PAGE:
I’ve been abandoning books left and right this year. Maybe my patience is getting thinner or my attention span shorter. Or maybe I’m always getting better at knowing if I’ll like something and what topics or style issues will put me off a book. I hope it’s the latter.
Most of the books I abandoned weren’t terrible, they just weren’t for me. I could see their appeal for different readerships. These are some new releases I’ve given up on, why I didn’t see them through, and why you might want to.
From the Corner of the Oval – I was interested because I loved last year’s Thanks, Obama, about a young speechwriter’s experience in the Obama White House. This book has gotten major nonfiction buzz – she has a hugely lucrative two-book deal plus a TV show. For a brand new author and first book, that should mean it’s got something special. Not to mention an inspirational aspect: consider that when the book begins, author Beck Dorey-Stein is in a miserable and desperate state, alternatively unemployed or working too many jobs to make ends meet (including Lululemon – ugh) before answering a Craigslist ad that ended up being for a White House stenographer.
I read a few chapters but it had a chick-lit vibe that I didn’t like (perhaps the painfully pink cover should’ve been my warning). I gave up after she described witnessing a scene and likened it to one from The Devil Wears Prada movie. That’s my cue for nope. Flipping ahead to see if the tone or dating drama topics shifted, it was heavy on the gossipy workplace romances and a writing style that didn’t appeal to me (it feels weak, which is sometimes ok if the story is interesting enough). Recommended for chick-lit readers and Sex and the City fans. (July 10, Spiegel & Grau)
Spying on Whales: The Past, Present, and Future of Earth’s Most Awesome Creatures – I love whales but I only had vague understanding of their history as land mammals before they turned their feetsies into flippers and became permanent underwater dwellers. So I jumped on Smithsonian Museum of Natural History paleontologist Nick Pyenson’s account of his work digging up whale bones and piecing together the long history of these fascinating animals. And in some parts, this book is fantastic. But the science lost me – I got about halfway and realized I was avoiding it because I wasn’t following well enough. I don’t even think it was written so densely, it felt readable. I think it needs closer reading and better attention-paying and I wasn’t in the right mindset for that. Anyone with even a light background or understanding of biology should have no problems here. Bonus: absolutely gorgeous black and white illustrations and descriptions of Pyenson’s world travels excavating whale graveyards. (June 26, Viking)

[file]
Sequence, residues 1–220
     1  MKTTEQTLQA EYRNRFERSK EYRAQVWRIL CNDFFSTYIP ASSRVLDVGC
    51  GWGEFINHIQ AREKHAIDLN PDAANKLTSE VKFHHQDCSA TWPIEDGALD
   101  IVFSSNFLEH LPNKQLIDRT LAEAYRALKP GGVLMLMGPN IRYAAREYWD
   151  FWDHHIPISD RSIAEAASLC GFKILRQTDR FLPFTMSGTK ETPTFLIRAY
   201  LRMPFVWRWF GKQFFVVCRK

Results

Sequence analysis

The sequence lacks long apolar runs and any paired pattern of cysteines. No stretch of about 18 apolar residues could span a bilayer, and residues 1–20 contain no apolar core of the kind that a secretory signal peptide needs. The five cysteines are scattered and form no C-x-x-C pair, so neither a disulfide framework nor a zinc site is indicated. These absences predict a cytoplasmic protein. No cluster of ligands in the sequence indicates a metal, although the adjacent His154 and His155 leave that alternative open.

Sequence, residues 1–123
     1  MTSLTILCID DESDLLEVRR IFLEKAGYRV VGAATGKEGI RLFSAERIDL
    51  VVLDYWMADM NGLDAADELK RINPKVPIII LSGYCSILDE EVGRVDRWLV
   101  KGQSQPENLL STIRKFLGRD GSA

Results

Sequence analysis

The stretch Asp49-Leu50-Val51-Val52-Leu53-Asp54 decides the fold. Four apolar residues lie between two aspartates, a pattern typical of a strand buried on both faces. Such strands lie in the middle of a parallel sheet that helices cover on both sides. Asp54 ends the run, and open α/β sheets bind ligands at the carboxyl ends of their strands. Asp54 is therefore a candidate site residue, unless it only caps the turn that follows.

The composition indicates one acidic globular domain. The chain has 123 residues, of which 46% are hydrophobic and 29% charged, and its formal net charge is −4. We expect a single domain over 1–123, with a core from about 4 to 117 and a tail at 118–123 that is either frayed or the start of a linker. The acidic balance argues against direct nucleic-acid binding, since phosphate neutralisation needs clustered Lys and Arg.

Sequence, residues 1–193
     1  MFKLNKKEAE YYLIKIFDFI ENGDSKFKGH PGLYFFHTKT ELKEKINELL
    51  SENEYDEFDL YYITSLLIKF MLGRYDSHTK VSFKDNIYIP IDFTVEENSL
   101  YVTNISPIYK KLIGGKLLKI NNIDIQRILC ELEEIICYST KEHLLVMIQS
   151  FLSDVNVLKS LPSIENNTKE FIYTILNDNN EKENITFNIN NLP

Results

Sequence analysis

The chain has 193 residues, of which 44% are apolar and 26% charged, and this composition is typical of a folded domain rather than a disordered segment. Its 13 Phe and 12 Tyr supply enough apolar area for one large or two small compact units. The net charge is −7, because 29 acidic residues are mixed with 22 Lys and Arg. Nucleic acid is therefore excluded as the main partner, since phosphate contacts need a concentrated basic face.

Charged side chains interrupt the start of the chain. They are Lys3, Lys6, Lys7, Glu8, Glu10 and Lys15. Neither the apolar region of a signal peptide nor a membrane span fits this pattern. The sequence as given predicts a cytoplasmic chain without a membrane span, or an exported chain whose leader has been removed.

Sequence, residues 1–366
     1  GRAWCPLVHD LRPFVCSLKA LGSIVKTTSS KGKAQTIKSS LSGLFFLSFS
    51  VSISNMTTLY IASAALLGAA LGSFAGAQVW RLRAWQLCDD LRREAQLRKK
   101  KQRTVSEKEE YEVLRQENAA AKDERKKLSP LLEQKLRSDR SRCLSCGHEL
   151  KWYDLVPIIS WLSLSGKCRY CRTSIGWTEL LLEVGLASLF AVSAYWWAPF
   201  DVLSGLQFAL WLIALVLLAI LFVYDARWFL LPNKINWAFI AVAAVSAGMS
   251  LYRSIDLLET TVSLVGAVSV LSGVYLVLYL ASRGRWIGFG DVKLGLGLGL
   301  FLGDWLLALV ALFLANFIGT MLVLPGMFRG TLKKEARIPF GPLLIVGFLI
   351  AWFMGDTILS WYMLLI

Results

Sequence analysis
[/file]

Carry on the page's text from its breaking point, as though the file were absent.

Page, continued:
Lady Death: The Memoirs of Stalin’s Sniper – The stiff writing style (maybe through translation) and heavily militaristic theme of this memoir of one of the famous female Red Army snipers kept me from finishing it. I tried several times but didn’t get far. Skimming through because I was intrigued about her friendship with Eleanor Roosevelt, I found some troublesome lines that sounded straight out of Soviet propaganda. It’s obviously a document of its time and her mindset about her role and responsibilities is very clearly shaped by that historical moment, but it wasn’t what I wanted to read. The biggest issue is that I tried it shortly after The Unwomanly Face of War and anything similar was going to pale in comparison. For serious military or Soviet history fans. (Lyudmila Pavlichenko, Greenhill Books, May 19)